Published: Jan 1977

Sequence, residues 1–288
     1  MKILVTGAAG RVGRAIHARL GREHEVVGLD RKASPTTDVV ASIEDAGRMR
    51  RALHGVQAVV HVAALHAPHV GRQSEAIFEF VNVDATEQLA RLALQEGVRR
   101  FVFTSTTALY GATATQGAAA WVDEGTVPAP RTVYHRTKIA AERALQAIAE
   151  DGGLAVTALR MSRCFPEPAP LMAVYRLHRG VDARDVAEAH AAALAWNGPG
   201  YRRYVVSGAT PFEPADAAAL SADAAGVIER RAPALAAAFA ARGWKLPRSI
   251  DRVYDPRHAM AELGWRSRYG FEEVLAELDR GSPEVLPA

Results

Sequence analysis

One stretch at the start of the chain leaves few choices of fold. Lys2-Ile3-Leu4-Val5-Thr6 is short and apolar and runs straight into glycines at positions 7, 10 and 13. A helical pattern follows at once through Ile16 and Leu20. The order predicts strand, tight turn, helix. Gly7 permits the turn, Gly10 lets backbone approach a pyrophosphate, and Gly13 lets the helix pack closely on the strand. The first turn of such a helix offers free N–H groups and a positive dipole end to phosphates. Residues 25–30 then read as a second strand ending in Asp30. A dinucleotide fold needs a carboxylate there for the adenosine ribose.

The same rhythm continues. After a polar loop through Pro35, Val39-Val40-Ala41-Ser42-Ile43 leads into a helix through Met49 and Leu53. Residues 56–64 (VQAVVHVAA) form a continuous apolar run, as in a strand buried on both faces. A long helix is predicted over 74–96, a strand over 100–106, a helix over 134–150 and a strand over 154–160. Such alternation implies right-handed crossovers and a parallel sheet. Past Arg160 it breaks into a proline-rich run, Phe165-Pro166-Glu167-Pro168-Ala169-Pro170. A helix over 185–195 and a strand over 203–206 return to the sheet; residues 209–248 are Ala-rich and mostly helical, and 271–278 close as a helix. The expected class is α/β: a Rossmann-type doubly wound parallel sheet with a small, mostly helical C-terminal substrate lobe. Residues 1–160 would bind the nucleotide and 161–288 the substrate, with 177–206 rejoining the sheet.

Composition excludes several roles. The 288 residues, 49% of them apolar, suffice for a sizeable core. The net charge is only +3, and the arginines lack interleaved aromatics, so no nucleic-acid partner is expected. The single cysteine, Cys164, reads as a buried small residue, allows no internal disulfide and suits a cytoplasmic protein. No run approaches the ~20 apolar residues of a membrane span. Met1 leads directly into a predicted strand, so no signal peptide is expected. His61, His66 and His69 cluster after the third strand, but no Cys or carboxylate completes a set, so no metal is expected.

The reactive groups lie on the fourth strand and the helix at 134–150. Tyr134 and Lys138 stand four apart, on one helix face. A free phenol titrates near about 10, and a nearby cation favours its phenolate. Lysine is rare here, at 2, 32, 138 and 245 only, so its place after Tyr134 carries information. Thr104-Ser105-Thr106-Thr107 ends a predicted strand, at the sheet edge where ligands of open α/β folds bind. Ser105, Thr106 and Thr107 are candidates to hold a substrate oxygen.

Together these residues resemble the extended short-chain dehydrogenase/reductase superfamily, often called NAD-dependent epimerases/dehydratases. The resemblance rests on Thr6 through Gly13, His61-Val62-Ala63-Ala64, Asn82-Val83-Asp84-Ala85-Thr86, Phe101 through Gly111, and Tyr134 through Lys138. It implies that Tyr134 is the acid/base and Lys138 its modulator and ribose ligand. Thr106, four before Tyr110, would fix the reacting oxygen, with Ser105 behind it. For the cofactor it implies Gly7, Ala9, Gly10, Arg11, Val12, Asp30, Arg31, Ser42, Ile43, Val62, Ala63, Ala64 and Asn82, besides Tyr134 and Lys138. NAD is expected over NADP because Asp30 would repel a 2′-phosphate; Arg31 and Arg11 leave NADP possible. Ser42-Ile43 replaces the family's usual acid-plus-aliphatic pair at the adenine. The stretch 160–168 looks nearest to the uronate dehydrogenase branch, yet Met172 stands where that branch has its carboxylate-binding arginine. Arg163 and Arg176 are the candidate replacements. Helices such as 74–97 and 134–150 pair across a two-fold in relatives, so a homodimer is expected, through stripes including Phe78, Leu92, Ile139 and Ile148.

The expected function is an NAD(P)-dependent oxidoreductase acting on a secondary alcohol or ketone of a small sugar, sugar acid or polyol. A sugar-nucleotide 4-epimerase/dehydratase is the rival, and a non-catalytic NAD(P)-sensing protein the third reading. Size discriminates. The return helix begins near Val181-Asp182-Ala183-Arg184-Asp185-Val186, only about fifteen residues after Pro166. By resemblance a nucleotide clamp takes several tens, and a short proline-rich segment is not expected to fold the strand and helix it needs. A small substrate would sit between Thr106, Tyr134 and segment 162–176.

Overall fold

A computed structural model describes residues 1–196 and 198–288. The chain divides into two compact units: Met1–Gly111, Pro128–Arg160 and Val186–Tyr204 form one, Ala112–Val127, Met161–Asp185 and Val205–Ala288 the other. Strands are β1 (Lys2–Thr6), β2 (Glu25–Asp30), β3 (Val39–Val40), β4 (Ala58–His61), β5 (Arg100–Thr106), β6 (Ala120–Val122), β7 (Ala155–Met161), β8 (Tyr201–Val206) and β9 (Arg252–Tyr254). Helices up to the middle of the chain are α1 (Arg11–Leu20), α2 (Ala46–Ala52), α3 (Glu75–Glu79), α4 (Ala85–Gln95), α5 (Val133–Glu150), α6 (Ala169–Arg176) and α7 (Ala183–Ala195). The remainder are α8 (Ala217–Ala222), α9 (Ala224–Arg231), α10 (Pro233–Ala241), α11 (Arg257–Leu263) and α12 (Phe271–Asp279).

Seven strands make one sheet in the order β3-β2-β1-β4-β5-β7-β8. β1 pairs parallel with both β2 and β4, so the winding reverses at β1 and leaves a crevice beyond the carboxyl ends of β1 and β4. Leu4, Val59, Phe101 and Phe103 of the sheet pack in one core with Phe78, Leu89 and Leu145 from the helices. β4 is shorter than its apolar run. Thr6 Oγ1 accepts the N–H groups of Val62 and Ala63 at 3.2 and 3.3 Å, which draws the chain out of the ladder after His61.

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Before discussing the specific objectives of this chapter, a short discussion is appropriate as to the meaning of and need for tolerances. No two things are made alike. This is just as true in industry as it is in nature. However, many of the differences are relatively greater and more easily discernable in nature than in industry. Regardless of this fact, failure to detect a difference is not to be construed as the absence of a difference. It is attributable, instead, to an inadequate sensitivity (or resolution) or precision of the detection system being used. As measurement precision increases, the ability to recognize existing differences increases. If this logic is acceptable, then it follows that a product design characteristic cannot be reproduced identically in its manufacture and that some degree of variation must be allowed in the manufacturing process. This allowable degree of variation is referred to as tolerance. Tolerancing, simply, is the act of specifying a tolerance. The most common sources of manufacturing variations are differences between and within raw materials, manufacturing methods, machines and tools, environments, and operators.